I had the pleasure of attending Fordham Law School’s Center on Law & Information Policy (CLIP)’s Big Data, Big Issues Symposium today, which had a fascinating lineup of many of best thinkers in privacy. The Federal Trade Commission (FTC)’s Julie Brill, delivered a very interesting keynote address about the benefits and dangers of big data, as well as the evolving privacy concerns. The address is well worth a read.
I had a chance to chat with Commissioner Brill after her speech, and asked her thoughts about privacy policies and terms of service that allow for unrestricted and unlimited use of data, such as the infamous Skipity policies. Commissioner Brill stated that, given that most users don’t read privacy policies and terms of service, the FTC is very concerned by these types of one-sided policies. She mentioned that the aggregation and use of data outside of the context of collection is something that the FTC hopes to issue guidance on in the future, and may well be unfair and deceptive regardless of a consumer’s consent.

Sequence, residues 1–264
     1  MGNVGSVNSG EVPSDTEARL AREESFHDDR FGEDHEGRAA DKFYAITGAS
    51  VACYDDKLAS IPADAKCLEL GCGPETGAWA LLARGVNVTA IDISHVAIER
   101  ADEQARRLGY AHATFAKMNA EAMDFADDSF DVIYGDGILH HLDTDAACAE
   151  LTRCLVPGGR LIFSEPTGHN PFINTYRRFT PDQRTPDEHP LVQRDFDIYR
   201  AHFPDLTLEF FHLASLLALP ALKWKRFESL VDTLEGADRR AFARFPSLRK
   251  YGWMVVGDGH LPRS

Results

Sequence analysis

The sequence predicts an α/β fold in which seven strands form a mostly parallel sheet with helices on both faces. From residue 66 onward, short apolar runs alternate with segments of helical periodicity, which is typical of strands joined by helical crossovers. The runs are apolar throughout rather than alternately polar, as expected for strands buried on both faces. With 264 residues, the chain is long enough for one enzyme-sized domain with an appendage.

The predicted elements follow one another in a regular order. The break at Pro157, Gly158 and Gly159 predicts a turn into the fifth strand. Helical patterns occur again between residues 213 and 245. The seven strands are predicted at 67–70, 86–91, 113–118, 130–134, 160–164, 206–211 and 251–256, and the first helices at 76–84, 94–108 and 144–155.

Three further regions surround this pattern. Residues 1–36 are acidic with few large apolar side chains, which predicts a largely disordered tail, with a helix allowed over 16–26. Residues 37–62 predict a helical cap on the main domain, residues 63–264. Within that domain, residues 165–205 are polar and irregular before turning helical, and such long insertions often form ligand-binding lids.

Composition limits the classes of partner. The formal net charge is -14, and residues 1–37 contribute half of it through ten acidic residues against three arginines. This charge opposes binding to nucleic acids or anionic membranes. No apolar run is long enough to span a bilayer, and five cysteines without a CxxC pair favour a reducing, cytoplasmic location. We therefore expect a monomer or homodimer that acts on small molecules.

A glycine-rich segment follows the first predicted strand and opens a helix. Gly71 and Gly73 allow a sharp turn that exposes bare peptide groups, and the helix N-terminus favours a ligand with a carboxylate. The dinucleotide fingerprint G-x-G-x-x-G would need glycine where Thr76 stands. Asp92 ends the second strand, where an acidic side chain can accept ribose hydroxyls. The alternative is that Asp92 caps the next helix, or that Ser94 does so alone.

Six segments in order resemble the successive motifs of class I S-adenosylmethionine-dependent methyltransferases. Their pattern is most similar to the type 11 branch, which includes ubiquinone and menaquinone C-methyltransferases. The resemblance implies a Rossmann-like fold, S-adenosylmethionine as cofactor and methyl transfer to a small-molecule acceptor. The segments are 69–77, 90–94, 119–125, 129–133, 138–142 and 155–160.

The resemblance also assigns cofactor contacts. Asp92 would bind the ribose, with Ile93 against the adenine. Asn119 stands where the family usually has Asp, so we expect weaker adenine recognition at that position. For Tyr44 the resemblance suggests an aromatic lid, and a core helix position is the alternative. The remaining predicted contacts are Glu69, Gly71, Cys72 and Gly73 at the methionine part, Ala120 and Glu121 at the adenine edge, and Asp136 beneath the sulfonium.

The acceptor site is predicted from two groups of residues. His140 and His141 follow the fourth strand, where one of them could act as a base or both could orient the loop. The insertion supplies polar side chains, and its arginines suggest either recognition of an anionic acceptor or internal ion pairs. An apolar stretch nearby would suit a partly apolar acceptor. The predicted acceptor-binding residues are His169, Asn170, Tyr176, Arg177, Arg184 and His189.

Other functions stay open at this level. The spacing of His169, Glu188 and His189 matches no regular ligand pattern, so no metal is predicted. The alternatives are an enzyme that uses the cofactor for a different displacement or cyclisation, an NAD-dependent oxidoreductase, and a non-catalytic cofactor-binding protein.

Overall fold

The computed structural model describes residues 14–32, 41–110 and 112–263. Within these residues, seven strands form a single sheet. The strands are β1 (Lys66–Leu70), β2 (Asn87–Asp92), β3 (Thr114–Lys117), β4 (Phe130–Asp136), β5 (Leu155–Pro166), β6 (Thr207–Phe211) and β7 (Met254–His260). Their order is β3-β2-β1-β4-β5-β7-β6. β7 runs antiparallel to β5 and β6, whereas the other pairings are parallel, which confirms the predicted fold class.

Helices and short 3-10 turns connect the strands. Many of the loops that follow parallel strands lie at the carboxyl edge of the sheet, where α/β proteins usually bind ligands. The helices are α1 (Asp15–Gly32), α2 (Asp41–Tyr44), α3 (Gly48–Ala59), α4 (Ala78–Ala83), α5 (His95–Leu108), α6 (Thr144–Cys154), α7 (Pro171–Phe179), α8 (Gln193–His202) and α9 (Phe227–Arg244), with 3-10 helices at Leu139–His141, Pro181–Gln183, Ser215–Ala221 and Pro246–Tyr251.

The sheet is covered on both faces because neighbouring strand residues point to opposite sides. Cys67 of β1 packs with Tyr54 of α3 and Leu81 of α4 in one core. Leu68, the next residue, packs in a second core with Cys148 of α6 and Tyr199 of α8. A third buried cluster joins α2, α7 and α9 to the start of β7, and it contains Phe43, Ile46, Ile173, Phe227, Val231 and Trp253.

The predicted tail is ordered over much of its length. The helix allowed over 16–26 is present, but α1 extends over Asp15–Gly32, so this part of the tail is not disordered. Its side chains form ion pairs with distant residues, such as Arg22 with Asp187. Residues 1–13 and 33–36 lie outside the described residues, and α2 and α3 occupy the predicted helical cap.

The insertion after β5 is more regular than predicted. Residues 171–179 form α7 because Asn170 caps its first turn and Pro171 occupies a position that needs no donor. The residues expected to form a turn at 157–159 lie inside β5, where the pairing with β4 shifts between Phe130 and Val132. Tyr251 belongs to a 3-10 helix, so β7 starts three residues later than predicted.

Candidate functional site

My takeaway from the chat is that consumer consent will not insulate a website from FTC scrutiny, and that the reasonable expectations of a consumer may dictate the FTC’s considerations of whether a policy is unfair or deceptive, especially given that so little attention is paid to these policies by consumers. However, at the same time, it is important that policies reflect the company’s actual practices.